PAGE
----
At the intersection of Nayatt Road and Bay Road a mammoth red oak leaned heavily across a web of power lines on Tuesday morning, a clear sign that Hurricane Sandy had been there.
Two men – one in an automated lift bucket and the other on the ground – worked to clear the lines from the huge tree while motorists driving along Nayatt searched for alternate routes to their destinations
On Bradford Street and Bernard Avenue and Anthony Road and Walnut, residents were still in the dark on Tuesday morning. Their electricity disappeared late Monday morning and, despite lessening winds throughout the night, was still yet to return 18 hours later.
Inside Haines Park, a large tree uprooted and landed squarely on top of the restrooms. About 10 yards away another tree surrendered to the wind, its trunk snapping about five feet from the ground.
At one of the busiest intersections in Barrington, where County Road meets Federal Road and Massasoit, water from the river had receded off the roadway. At about 8 p.m. on Monday, the river crested over its bank and flowed onto the intersection. It flooded across County onto nearby residents’ yards and forced more than a few cars to turn around.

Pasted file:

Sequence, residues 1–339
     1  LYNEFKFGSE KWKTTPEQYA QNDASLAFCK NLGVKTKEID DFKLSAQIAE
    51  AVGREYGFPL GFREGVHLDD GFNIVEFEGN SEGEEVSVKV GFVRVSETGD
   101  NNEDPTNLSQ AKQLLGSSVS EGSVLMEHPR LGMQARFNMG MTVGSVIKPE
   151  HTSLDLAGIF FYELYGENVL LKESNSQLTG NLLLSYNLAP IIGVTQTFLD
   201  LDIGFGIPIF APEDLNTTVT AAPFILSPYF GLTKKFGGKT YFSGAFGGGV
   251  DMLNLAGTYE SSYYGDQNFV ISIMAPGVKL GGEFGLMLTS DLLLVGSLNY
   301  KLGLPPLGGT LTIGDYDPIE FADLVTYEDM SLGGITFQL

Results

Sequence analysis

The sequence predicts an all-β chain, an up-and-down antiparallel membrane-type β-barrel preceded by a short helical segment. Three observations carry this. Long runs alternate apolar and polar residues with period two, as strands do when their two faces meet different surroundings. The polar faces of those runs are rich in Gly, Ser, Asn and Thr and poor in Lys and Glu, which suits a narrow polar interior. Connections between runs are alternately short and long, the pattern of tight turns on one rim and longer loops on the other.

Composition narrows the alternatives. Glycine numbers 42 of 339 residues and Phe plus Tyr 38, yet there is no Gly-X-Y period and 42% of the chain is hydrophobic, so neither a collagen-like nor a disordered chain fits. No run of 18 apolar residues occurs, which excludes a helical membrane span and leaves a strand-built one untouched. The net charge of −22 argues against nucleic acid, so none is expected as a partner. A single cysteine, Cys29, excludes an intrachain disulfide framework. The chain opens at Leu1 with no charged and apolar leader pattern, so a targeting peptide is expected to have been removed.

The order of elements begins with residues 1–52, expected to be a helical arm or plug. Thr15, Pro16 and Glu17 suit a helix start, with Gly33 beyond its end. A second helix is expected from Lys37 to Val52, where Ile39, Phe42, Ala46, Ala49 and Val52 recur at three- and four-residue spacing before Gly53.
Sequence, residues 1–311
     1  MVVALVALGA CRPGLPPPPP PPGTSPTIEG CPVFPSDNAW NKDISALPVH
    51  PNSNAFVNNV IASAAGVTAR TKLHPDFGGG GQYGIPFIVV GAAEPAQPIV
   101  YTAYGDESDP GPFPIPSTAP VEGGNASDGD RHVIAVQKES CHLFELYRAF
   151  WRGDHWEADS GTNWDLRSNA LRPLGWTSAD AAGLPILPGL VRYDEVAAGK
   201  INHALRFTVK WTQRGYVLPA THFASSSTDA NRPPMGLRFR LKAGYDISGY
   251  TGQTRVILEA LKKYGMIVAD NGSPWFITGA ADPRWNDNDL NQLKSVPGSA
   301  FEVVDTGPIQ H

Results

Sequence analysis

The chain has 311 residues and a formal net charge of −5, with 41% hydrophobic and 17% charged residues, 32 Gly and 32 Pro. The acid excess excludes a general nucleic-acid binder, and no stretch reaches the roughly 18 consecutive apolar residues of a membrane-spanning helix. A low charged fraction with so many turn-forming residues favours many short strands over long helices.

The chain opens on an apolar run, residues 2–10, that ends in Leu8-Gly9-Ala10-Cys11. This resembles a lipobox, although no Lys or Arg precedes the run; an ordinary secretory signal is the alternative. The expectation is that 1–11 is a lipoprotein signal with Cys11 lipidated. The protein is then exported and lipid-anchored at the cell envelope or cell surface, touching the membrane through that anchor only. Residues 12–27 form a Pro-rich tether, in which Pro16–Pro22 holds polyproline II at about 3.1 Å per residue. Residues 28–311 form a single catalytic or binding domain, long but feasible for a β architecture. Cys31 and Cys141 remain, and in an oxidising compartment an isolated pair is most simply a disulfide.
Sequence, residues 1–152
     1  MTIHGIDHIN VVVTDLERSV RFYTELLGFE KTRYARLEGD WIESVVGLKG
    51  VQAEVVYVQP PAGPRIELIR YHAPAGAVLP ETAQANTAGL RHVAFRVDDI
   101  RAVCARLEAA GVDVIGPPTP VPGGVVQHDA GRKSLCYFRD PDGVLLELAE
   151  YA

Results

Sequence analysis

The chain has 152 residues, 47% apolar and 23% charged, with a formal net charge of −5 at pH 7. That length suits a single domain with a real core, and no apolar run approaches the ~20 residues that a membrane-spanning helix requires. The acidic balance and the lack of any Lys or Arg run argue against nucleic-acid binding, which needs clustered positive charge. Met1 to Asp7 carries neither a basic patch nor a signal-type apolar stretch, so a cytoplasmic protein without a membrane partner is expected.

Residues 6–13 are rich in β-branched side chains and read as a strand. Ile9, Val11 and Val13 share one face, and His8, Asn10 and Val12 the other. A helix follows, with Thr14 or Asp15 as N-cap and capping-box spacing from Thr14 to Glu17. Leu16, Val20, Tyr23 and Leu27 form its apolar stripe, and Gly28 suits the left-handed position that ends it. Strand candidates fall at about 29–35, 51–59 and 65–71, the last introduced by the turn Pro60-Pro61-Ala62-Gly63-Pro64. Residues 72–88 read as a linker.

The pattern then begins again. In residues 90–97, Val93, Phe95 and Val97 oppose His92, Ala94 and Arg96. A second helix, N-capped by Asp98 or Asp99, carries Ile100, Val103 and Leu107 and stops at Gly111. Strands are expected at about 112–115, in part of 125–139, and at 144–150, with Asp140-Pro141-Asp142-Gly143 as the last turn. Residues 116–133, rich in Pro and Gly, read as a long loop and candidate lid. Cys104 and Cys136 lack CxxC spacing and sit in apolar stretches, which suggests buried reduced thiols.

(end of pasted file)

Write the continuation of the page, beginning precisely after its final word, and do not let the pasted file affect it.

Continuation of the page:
Just across the river nervous homeowners carefully studied the rising tide as it pushed closer and closer towards their foundations, breaching retaining walls and covering lawns. On Juniper Road, the river flooded into the sewer pumping station on Monday night. The Barrington Department of Public Works sent crews to that site to run sump pumps throughout the night.
Along Mathewson Road, where beautiful homes look out onto Barrington Harbor, the remnants of Sandy’s surge, which coincided with a moon high tide on Monday night, lay strewn across well-kept front lawns. A clear line of leaves mixed with mulch, plastic bottles and candy wrappers marked the full reach of the surge. For some homes, the water halted just a few feet away, for others it covered driveways and splashed up against front steps.
Barrington Police Chief John LaCross said the water on Mathewson Road was a foot deep in some areas. He said the department shut down large sections of County Road between 7:30 and 8:45 p.m. Monday, redirecting traffic onto other roads.
Despite all the problems Sandy threw at Barrington, the chief was pleased with the town’s response.
“We planned things out as early as Friday before the storm with the town manager and department heads. We had an extra dispatcher inside and we were lucky we didn’t lose as much power … compared to Hurricane Irene,” he said. The chief also said about twice as many officers were on duty Monday night compared to a normal evening.
-With reports by George MorseAdd to favorites